Hard on the heels of the news that B&N won't stock books published by Amazon is this moment of temporary insanity. Publisher's Weekly has confirmation from a senior manager at Books-a-Million that this 250-strong bookstore chainis following in B&N's footsteps.
Specifically, they won't carry any of the books distributed by HMH under the New Harvest imprint. This imprint was launched as part of an expansion of Amazon's partnership with HMH. And yes, this is a stupid move.
When B&N made this decision, they did it out of the principle of having the same titles available both in print and digital. They have a huge ebookstore with a significant chunk of the US ebook market, and there is some sense in defending it this way. By refusing the books, B&n struck back at their strongest competitor. It's only a moral victory, but it is still a victory.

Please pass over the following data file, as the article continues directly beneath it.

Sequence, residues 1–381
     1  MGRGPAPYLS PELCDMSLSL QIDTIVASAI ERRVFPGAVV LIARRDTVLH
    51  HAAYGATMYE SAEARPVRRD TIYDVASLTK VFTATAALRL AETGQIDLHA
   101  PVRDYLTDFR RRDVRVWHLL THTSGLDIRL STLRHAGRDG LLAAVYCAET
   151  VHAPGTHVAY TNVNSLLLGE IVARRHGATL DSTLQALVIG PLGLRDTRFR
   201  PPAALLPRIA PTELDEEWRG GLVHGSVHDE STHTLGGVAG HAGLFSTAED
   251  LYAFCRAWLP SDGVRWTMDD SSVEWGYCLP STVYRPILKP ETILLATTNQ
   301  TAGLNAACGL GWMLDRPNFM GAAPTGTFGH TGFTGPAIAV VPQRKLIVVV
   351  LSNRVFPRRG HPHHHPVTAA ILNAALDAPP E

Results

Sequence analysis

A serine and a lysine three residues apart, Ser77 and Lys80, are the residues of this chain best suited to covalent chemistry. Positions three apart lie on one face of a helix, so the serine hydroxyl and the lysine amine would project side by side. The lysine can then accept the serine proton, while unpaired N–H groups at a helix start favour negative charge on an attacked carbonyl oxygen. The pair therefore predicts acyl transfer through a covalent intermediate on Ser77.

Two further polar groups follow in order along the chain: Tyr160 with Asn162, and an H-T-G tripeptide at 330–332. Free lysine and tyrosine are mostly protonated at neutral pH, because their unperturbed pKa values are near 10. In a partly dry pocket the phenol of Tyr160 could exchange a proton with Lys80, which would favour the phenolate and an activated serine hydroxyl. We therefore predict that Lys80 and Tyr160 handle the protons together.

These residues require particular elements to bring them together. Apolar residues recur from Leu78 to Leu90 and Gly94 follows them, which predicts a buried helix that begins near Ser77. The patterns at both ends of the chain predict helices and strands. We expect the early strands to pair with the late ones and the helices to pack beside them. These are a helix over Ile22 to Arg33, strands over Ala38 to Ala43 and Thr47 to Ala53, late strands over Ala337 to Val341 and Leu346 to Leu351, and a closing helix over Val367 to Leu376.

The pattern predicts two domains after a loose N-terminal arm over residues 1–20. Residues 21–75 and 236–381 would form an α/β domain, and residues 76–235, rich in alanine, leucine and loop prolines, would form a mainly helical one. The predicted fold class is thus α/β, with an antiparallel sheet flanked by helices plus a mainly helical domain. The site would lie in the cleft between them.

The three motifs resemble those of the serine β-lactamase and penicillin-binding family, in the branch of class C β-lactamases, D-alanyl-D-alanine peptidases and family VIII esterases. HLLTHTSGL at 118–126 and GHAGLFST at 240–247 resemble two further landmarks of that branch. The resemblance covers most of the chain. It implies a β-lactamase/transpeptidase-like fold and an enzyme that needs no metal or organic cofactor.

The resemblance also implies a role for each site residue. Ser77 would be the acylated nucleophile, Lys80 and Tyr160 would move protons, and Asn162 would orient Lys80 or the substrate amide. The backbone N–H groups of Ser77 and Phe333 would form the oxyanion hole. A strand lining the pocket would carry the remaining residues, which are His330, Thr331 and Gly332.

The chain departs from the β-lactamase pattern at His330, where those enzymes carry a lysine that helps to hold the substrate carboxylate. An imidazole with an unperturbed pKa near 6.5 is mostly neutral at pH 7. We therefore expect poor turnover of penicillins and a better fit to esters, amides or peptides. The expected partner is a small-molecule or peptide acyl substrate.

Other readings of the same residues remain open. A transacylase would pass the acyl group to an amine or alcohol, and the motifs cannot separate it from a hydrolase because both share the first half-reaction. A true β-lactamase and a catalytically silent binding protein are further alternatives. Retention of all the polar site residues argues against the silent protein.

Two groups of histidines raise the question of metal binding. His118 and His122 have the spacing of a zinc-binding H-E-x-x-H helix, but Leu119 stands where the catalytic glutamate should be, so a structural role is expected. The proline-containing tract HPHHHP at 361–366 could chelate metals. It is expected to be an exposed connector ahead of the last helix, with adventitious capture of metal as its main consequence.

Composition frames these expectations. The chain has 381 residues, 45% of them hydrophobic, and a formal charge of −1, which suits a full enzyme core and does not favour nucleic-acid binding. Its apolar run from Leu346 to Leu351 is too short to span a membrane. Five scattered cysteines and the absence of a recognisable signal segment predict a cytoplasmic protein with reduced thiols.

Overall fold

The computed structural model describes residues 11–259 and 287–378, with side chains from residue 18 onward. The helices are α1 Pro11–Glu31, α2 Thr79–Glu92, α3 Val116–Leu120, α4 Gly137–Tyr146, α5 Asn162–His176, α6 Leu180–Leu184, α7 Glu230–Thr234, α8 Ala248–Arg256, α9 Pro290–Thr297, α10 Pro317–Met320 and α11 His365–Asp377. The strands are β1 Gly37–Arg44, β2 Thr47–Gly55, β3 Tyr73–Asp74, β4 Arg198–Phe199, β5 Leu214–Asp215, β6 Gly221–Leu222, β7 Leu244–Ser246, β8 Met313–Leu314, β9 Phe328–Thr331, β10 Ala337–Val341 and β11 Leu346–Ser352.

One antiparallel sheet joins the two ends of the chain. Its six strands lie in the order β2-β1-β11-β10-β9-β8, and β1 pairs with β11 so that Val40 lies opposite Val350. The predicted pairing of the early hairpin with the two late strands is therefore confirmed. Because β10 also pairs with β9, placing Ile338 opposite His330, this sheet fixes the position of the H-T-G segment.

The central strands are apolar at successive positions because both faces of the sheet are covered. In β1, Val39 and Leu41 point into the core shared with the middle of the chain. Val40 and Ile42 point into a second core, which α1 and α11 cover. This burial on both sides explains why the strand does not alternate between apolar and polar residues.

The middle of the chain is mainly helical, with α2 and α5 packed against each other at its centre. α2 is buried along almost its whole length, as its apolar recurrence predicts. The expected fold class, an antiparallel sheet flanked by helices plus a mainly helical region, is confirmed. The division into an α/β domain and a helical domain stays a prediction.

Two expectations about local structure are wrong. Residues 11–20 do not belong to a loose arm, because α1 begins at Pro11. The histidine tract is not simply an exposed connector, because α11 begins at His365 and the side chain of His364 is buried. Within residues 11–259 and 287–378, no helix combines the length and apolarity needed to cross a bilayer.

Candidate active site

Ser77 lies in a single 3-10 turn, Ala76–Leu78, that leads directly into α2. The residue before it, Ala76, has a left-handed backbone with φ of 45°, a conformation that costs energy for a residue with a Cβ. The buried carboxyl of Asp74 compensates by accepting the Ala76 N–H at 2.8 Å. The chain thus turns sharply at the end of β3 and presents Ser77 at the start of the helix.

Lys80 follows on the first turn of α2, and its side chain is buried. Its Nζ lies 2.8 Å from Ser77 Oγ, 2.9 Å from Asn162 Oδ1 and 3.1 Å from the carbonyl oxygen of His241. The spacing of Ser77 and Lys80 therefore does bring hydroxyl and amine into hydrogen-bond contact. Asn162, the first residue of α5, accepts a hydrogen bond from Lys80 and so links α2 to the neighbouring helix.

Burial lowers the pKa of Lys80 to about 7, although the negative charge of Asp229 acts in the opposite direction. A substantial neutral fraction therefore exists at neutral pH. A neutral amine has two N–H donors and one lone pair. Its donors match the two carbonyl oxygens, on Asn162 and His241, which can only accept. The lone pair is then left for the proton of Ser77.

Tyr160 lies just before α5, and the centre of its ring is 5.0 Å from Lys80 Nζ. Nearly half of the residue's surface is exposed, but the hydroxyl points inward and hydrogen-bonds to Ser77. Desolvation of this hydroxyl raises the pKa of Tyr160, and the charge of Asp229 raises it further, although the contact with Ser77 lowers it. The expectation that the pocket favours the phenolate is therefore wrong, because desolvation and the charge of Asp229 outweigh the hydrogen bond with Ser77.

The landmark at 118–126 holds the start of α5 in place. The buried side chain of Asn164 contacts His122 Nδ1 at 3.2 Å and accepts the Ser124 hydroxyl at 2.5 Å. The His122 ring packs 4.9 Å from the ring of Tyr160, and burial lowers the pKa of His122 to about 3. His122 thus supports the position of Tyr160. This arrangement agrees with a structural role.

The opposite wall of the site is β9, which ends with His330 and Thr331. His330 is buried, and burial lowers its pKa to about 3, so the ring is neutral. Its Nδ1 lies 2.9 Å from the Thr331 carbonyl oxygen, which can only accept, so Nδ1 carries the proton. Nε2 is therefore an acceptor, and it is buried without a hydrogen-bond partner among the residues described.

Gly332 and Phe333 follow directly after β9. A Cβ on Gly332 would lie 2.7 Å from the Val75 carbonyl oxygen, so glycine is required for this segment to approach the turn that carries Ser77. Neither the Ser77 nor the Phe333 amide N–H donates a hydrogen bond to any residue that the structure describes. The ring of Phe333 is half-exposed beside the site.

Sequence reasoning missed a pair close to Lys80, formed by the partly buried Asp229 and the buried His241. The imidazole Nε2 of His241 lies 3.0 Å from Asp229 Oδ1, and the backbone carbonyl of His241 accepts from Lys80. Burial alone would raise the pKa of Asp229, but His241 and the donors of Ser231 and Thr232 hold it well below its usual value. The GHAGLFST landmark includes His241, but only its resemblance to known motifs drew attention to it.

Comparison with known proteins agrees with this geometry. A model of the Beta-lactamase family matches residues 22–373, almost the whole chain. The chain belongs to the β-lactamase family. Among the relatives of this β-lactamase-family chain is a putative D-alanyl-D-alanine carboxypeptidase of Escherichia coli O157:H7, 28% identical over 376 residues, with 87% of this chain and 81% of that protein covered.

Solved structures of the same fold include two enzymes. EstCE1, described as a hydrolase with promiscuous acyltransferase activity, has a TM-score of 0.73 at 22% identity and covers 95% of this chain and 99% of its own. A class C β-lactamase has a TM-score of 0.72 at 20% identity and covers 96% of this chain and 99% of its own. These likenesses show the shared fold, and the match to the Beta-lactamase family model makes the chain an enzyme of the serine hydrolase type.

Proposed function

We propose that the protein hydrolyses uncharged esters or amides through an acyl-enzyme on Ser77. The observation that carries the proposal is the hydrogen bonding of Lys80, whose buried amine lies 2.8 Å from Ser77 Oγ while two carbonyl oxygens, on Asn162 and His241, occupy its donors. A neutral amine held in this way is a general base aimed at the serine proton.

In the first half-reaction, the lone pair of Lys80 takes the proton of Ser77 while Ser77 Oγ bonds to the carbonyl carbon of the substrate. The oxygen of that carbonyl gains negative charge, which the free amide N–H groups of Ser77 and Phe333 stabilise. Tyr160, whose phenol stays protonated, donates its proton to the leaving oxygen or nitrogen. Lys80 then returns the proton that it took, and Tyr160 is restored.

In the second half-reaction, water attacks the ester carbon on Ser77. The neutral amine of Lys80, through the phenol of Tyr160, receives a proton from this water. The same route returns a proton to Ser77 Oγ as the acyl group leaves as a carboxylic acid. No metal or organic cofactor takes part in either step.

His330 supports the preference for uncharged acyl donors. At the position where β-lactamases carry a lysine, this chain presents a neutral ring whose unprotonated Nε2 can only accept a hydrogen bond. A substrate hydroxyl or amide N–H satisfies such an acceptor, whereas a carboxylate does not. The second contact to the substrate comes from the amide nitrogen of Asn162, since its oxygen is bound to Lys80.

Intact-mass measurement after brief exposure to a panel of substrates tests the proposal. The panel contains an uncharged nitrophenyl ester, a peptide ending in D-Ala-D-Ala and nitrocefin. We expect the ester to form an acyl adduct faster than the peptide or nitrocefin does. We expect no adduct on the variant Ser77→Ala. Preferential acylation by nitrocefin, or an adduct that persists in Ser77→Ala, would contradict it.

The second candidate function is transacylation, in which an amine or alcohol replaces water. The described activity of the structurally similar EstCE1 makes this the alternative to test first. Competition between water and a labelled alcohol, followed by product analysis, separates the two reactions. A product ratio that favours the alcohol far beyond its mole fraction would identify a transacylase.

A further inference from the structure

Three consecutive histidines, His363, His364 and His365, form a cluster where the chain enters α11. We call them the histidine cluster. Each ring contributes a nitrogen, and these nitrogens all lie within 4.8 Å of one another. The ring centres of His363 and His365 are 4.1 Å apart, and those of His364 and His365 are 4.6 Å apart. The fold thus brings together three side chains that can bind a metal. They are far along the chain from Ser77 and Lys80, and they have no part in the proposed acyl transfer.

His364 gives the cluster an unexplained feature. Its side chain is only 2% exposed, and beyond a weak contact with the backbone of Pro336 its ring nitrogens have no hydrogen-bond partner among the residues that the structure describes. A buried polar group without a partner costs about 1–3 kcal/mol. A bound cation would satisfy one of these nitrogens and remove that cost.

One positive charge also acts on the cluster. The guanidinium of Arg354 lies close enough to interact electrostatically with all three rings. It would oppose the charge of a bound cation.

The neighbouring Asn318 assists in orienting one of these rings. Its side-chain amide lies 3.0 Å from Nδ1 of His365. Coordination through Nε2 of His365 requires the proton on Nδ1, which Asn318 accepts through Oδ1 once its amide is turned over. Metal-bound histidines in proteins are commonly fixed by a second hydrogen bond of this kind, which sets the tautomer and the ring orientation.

BAM, on the other hand, doesn't have an ebookstore worth mentioning. BAM is not one of the big 4 US ebookstores (Kindle, Nook, iBooks, Kobo); they are one of the many that when combined make up about 5% of the market. What's more, BAM doesn't even sell their own ereader; they sell the Nook.
BAM has no ebookstore to defend, so there's not much of reason to decline Amazon's books. This move looks more like a general cluelessness than a principled stand. It's also coming from less than healthy company, and I suppose that we might now know why BAM has been losing money these past several years.